– National Interest – In a sense the U.S. military could take advantage of role reversal in the Arctic, making the theater a laboratory for anti-access American style. Hostile forces may operate off U.S. seacoasts and will need managing if so. Fielding armaments able to reach out from land in concert with seagoing forces, and devising and practicing the necessary joint tactics, could let U.S. commanders glimpse the methods deployed by red teams around the world. And getting in the red team’s mind is a crucial step toward defeating it.
– Washington Post – David Ignatius opines on the current state of the US Navy.
– Defense News – The U.S. Navy is taking major steps in an attempt to shake off years of false starts and setbacks with the Littoral Combat Ship program, an effort Chief of Naval Operations Adm. Michael Gilday said he’d oversee on his watch.
– The Diplomat – The new ocean surveillance ships are expected to begin entering the fleet in 2025.
– War Zone – We go in-depth with the Navy’s Super Hornet program manager on the new sensor’s capabilities, genesis, and how it ended up mounted on a fuel tank.
– USNI News – Expeditionary Sea Base USS Hershel “Woody” Williams (ESB-4) kicked off its first deployment today, leaving Virginia for an extended deployment primarily to U.S. Africa Command.
– War Zone – The dazzler helps defend submarines when they are at their most vulnerable when traversing tight waterways while surfaced.
– Defense News – U.S. Navy brass is telling sailors and contractors to put fire safety at the center of their work in the shipyards and on the waterfront in the wake of a catastrophic fire aboard the amphibious assault ship Bonhomme Richard.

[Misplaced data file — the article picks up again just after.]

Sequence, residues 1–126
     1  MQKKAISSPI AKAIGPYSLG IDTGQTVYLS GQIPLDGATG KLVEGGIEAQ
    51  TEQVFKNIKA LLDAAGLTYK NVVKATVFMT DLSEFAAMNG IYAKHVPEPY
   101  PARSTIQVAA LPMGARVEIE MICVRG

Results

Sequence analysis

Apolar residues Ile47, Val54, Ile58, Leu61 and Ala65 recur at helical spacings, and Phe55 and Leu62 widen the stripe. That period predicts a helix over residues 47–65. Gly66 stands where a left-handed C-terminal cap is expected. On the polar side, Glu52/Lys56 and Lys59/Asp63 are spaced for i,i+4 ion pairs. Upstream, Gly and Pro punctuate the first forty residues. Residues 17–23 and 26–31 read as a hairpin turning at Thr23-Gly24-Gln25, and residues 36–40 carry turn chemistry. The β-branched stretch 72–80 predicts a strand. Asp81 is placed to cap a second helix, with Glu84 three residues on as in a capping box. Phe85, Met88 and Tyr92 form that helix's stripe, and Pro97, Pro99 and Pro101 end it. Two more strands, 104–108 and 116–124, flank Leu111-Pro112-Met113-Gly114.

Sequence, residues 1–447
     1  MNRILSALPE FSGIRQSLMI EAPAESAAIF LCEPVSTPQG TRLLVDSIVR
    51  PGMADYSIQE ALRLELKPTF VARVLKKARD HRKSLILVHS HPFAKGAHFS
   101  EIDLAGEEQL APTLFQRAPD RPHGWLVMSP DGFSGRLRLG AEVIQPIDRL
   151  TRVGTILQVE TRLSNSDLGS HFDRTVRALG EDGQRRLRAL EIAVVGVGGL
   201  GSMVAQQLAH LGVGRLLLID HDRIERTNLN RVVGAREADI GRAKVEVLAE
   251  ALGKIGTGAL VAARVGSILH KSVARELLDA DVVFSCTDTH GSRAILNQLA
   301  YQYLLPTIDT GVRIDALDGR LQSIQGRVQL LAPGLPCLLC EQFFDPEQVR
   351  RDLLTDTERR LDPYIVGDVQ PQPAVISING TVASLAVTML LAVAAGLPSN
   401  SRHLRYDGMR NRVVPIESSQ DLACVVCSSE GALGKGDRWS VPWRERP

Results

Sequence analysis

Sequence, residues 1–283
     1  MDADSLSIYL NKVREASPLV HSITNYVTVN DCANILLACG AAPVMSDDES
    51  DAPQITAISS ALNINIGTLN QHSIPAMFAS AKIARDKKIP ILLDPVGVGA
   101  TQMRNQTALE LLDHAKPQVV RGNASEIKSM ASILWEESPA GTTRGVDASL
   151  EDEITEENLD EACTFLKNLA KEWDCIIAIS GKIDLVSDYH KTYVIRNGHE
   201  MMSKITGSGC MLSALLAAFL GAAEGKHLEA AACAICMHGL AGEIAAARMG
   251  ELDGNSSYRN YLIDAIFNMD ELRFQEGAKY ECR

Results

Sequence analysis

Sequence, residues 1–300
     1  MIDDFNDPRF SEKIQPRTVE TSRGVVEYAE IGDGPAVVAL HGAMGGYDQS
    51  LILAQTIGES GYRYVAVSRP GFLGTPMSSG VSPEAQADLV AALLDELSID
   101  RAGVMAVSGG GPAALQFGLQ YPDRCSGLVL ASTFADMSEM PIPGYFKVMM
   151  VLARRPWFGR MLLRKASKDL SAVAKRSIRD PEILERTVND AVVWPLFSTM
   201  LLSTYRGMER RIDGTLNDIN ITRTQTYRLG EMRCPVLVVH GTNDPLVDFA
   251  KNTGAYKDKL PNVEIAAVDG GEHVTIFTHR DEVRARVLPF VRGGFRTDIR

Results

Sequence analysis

– USNI Proceedings – The Navy should follow the example of Admiral Joseph Reeves’ development of carrier aviation to rapidly innovate and deploy unmanned systems for future wars.
– Defense News – The U.S. Navy is over the halfway mark in certifying the new aircraft carrier Gerald R. Ford’s 11 advanced weapons elevators, which have been at the center of an ongoing controversy over delays in getting the Navy’s most expensive-ever warship ready for its first deployment.
– Defense News – A series of explosions and a 1,200-degree inferno damaged 11 of the amphibious assault ship Bonhomme Richard’s 14 decks, according to a summary of the damage by the U.S. Navy’s top officer.
– USNI News – The head of U.S. Indo-Pacific Command told reporters today he wants the Aegis Ashore ballistic missile defense system to bolster the defense of Guam from Chinese missiles.
– USNI News – The Ronald Reagan Carrier Strike Group is now operating alongside Australian and Japanese forces in the Philippine Sea in a large trilateral exercise involving nine ships, a carrier air wing and other aircraft.
– Defense News – The U.S. Navy’s top officer has ordered his staff to develop a comprehensive strategy to field unmanned systems in the air, on the water and under the sea over the coming years.